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Childhood attention-deficit hyperactivity disorder as an extreme of a continuous trait: a quantitative genetic study of 8,500 twin pairs
Department of Medical Epidemiology and Biostatistics, Karolinska Institutet, Stockholm; Karolinska Institutet Center for Neurodevelopmental Disorders, Stockholm.ORCID iD: 0000-0002-6851-3297
Department of Forensic Psychiatry, Institute of Neuroscience and Physiology, Sahlgren’s Academy, University of Gothenburg, Gothenburg.
Division of Child and Adolescent Psychiatry, Department of Clinical Sciences, Lund University, Lund, Sweden.
Department of Medical Epidemiology and Biostatistics, Karolinska Institutet, Stockholm.
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2012 (English)In: Journal of Child Psychology and Psychiatry and Allied Disciplines, ISSN 0021-9630, E-ISSN 1469-7610, Vol. 53, no 1, 73-80 p.Article in journal (Refereed) Published
Abstract [en]

BACKGROUND: Although the clinical utility of categorically defined attention-deficit hyperactivity disorder (ADHD) is well established, there is also strong evidence supporting the notion of ADHD as an extreme of a continuous trait. Nevertheless, the question of whether the etiology is the same for different levels of DSM-IV ADHD symptoms remains to be investigated. The aim of this study was to assess genetic links between the extreme and the subthreshold range of ADHD symptoms.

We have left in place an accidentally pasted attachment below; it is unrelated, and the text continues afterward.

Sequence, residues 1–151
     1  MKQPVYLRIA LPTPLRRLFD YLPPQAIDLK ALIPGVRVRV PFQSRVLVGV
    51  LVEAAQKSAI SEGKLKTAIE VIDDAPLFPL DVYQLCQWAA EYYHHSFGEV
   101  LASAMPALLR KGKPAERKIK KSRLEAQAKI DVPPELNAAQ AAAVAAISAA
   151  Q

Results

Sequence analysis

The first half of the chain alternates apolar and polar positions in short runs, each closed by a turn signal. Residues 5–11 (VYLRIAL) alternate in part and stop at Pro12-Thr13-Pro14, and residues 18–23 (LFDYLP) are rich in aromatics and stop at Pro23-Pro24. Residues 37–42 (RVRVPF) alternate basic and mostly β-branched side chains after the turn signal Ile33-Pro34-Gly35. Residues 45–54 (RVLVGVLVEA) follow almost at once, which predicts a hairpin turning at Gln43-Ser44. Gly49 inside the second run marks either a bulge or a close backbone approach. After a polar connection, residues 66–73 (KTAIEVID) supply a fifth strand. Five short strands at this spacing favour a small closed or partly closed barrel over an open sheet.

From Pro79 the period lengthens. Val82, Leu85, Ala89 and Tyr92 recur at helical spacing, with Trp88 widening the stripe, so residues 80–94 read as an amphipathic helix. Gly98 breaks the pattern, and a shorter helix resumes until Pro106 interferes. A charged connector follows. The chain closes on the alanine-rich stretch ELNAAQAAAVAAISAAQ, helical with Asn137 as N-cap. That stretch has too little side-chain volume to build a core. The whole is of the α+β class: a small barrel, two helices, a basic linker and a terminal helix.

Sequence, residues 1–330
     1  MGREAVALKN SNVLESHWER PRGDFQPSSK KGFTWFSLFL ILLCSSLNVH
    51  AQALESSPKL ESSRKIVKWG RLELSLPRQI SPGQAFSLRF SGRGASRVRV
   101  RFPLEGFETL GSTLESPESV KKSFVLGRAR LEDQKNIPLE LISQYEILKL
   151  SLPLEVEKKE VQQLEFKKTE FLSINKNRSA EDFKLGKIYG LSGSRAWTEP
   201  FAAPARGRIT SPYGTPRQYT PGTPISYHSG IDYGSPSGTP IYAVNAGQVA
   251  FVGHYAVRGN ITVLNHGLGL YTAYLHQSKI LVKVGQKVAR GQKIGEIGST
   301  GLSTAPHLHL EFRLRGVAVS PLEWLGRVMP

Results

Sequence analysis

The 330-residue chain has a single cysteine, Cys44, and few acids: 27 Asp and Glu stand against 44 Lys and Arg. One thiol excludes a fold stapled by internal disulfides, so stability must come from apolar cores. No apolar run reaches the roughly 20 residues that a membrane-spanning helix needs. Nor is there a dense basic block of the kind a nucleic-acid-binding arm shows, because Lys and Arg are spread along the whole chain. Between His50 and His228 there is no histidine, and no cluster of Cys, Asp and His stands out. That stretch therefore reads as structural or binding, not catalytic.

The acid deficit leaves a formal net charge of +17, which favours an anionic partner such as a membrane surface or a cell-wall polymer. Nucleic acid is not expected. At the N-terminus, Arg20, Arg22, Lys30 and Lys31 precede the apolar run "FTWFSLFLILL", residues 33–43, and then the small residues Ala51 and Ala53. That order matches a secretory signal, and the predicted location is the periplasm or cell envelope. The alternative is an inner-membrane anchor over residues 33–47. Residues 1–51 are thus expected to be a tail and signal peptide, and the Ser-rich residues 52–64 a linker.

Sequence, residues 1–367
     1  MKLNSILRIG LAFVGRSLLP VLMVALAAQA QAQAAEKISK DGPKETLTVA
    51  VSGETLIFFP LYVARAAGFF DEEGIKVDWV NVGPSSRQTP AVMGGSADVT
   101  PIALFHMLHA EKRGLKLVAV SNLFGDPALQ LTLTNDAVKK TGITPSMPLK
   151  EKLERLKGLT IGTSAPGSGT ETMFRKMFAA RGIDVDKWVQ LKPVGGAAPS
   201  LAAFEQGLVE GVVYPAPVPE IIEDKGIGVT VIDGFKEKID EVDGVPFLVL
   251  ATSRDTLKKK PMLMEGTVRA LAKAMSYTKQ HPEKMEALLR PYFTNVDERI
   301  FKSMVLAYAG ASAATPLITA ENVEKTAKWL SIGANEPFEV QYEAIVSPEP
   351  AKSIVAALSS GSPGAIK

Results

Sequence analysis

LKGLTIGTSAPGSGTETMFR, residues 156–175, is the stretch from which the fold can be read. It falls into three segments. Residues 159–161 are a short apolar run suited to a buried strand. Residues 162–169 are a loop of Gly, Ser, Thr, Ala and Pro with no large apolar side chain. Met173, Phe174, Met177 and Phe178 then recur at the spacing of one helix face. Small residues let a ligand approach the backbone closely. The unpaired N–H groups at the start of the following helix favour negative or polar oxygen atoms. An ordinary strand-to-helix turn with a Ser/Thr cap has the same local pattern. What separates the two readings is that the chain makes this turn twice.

METHOD: Parents of all Swedish 9- and 12-year-old twins born between 1992 and 2000 were interviewed for DSM-IV ADHD symptoms and associated conditions. Two validated cutoff values were used for screening and assigning research diagnoses. Response rate was 80%. Twin methods were applied to investigate the extent to which ADHD is etiologically distinct from subthreshold variations in ADHD symptoms.

RESULTS: Extremes analyses indicated a strong genetic link between the extreme and the subthreshold variation, with almost identical group heritability estimates around .60 for the diagnostic (prevalence 1.78%) and screening (prevalence 9.75%) criteria of ADHD.

CONCLUSION: A strong genetic link between the extreme and the subthreshold variation of DSM-IV based assessments of ADHD symptoms was found. The data suggest that ADHD is best viewed as the quantitative extreme of genetic and environmental factors operating dimensionally throughout the distribution of ADHD symptoms, indicating that the same etiologic factors are involved in the full range of symptoms of inattention, hyperactivity and impulsivity.

Place, publisher, year, edition, pages
Wiley-Blackwell, 2012. Vol. 53, no 1, 73-80 p.
Keyword [en]
ADHD; DSM; etiology; twins
National Category
Psychology Psychiatry
Research subject
Psychology; Psychiatry
Identifiers
URN: urn:nbn:se:oru:diva-54516DOI: 10.1111/j.1469-7610.2011.02467.xISI: 000298003300010PubMedID: 21923806Scopus ID: 2-s2.0-82955203855OAI: oai:DiVA.org:oru-54516DiVA: diva2:1064303
Funder
Forte, Swedish Research Council for Health, Working Life and WelfareSwedish Research Council, 2010-3184The Swedish Brain Foundation
Note

Funding Agency:

Karolinska Institutet center of Neurodevelopmental Disorders

Available from: 2017-01-12 Created: 2017-01-12 Last updated: 2017-10-18Bibliographically approved

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